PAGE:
Morgan Stanley has turned bullish on commodities…
Regular readers know commodity prices are extremely low right now. In August, the Bloomberg Commodity Index, which tracks 22 different commodities, hit its lowest level since 1999.
The commodities crash has hit everything from energy prices to metals to “soft” commodities like sugar and oats. The price of oil is down 42% since its June 2014 peak. Oats and coffee prices are both down more than 40%. On top of that, silver recently hit a six-year low…but is now rebounding sharply.
In a note on Wednesday, Morgan Stanley (MS) said it expects commodities to have a “sharp reversal from the experience in the last 18 months.” It expects commodity prices to rise 14% next year and another 19% in 2017.
• Morgan Stanley expects commodity demand from China to pick up…
Regular readers know China’s economy has been growing at its slowest pace since 1990. This has created big problems for commodities. That’s because China is the world’s biggest commodity consumer. It accounts for half of the copper, aluminum, nickel, steel, and coal used every year.
Fear that China’s economic growth might continue slowing is a big reason why commodities prices have crashed over the past 18 months.
In its note on Wednesday, Morgan Stanley said China would “remain key to commodities demand.” China’s economy is growing slower than it was before…but it’s still growing faster than most of the rest of the world…
The International Monetary Fund (IMF) expects the Chinese economy to grow by 6.8% this year. That’s twice as fast as it expects the world economy (3.1%) to grow…and almost three times as fast as it expects the U.S. economy (2.6%) to grow.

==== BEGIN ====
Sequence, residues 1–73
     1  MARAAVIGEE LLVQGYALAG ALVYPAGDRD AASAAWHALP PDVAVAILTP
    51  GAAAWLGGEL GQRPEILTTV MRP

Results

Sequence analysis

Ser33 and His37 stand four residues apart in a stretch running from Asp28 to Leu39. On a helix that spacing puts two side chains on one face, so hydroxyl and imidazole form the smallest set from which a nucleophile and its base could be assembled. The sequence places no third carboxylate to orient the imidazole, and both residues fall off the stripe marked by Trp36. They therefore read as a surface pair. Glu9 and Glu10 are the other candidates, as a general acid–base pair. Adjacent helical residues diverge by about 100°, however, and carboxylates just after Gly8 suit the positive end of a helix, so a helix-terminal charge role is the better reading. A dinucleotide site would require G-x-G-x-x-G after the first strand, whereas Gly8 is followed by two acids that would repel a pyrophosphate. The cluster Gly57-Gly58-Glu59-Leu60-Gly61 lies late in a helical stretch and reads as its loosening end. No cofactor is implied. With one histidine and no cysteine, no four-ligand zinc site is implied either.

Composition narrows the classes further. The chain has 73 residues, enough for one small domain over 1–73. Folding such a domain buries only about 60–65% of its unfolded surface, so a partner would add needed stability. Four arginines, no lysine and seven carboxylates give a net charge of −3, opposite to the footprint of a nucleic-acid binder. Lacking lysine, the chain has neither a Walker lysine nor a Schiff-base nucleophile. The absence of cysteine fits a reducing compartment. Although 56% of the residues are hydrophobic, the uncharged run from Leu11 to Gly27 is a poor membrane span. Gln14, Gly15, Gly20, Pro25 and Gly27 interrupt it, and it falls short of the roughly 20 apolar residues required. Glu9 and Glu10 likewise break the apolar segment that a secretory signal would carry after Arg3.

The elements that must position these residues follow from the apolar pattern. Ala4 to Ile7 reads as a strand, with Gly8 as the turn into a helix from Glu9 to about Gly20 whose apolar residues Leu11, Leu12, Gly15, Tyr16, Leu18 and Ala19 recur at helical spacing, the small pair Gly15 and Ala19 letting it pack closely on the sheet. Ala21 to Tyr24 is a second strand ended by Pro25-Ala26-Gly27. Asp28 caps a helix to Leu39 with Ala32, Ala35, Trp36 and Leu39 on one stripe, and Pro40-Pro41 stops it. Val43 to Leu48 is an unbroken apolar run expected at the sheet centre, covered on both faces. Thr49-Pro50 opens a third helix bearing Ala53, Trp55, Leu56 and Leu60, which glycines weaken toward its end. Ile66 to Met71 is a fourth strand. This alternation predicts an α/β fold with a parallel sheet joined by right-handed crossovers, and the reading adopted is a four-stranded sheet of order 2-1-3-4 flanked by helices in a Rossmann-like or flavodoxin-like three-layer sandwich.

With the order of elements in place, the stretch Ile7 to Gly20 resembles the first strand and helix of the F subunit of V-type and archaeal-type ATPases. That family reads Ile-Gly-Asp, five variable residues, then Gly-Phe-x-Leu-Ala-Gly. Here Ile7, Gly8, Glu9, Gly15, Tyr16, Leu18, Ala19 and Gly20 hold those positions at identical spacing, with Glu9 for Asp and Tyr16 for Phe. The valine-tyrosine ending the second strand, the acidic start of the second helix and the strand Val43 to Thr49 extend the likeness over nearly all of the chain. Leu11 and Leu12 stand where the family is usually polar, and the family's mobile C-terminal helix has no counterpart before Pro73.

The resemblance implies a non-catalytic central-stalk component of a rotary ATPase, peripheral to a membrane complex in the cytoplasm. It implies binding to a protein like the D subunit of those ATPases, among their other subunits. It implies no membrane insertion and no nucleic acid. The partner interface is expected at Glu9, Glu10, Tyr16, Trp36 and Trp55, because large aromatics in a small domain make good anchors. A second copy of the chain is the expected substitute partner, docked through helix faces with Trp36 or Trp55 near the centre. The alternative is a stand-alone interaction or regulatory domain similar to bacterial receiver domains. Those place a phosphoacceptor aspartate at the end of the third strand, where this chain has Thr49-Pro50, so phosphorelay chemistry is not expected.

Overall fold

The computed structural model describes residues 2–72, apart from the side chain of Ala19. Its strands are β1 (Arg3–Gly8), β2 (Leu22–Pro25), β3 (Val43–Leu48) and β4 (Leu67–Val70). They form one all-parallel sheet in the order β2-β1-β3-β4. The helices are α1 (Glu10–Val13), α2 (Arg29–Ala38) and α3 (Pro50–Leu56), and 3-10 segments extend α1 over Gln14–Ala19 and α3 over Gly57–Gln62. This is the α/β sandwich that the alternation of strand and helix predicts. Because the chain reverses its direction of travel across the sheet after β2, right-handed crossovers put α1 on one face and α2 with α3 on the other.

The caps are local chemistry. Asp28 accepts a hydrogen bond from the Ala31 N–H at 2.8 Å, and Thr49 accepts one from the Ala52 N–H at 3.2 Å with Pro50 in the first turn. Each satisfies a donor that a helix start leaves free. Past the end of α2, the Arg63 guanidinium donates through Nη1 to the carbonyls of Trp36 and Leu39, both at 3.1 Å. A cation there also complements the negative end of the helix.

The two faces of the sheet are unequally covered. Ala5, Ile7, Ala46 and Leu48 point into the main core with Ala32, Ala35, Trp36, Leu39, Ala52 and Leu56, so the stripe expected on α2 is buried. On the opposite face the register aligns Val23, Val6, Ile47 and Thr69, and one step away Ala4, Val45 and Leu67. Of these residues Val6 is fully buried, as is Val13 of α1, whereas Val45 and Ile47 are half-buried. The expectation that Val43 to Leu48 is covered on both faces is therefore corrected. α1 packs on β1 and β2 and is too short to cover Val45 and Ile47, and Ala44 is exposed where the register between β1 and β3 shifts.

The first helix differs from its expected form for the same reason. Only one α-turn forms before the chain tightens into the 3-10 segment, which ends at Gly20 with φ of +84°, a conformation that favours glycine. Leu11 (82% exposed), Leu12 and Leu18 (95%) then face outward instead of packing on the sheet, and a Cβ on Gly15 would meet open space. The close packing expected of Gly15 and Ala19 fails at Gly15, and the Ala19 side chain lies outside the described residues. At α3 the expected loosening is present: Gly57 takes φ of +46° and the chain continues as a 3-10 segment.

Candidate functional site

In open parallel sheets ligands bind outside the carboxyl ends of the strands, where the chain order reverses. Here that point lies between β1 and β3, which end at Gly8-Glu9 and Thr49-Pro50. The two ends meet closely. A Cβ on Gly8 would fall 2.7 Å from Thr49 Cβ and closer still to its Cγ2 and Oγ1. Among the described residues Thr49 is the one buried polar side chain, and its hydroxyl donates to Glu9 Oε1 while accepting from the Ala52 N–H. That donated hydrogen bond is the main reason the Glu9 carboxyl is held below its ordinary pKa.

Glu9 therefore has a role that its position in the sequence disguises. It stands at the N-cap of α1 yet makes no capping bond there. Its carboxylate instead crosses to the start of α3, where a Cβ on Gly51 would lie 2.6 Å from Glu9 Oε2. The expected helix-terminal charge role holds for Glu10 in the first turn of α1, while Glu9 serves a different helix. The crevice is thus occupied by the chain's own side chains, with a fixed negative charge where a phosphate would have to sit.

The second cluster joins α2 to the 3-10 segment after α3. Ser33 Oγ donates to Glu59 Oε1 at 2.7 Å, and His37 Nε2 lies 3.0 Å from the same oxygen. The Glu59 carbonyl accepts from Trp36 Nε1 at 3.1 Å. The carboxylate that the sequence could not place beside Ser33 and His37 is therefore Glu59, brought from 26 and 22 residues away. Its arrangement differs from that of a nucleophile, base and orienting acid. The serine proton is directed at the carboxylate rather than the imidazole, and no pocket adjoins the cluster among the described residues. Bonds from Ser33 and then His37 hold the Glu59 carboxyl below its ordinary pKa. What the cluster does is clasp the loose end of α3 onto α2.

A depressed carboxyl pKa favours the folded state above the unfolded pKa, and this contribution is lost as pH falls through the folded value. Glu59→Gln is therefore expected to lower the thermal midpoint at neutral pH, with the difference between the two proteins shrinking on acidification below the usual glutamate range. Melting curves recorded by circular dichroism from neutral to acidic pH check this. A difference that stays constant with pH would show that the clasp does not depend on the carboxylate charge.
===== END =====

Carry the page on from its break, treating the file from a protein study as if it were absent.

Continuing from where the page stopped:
• Morgan Stanley also turned bullish on mining stocks…
The firm says mining companies are a once-in-a-generation bargain right now. In fact, it sees 19% upside in its favorite miners…and not just because it sees commodity prices rising.
Regular readers know that falling commodity prices have slammed mining companies. Glencore (GLEN.L), one of the world’s largest mining companies, has been hit especially hard. Glencore’s sales dropped 25% during the first half of the year. The company posted a $676 million loss for the period.
Glencore’s stock price plummeted 54% over the past year. It hit an all-time low last month.
Other big mining companies have plunged, too. Australian mining giant BHP Billiton Limited (BHP) is down 33% over the past year. And U.K.-based mining company Rio Tinto (RIO) is down 19%.
Morgan Stanley says miners are now cheaper than they’ve been in three decades. Business Insider reports:
“Valuation is attractive in a historical context both at sector and company level,” Morgan Stanley wrote. “That means a change in perception around commodity prices can have a significant impact on the shares in our view”…
“The sector's absolute trailing P/B of 0.85…is the lowest level since the global recession of 1982,” it said.
Price-to-book (P/B) is a popular way to value stocks. It compares a company’s stock price to the “book value” of its assets. If a P/B ratio is under 1.0, this often means a sector is undervalued. The mining sector’s P/B ratio of 0.85 suggests mining stocks are extremely cheap.
On Wednesday, Morgan Stanley upgraded its ratings on BHP Billiton and Rio Tinto from “equal weight” to “overweight.” Both stocks jumped on Morgan Stanley’s bullish comments. BHP Billiton rose 4.6% yesterday, and it’s up another 1.2% today. Rio Tinto rose 1.62% yesterday, and it’s up another 2.4% today.
• Global commodity stocks are rallying this week…
This morning, Bloomberg Business reported that commodities are headed for their biggest weekly gain since 2012. As we write, the Bloomberg Commodity Index is up 3.5% this week.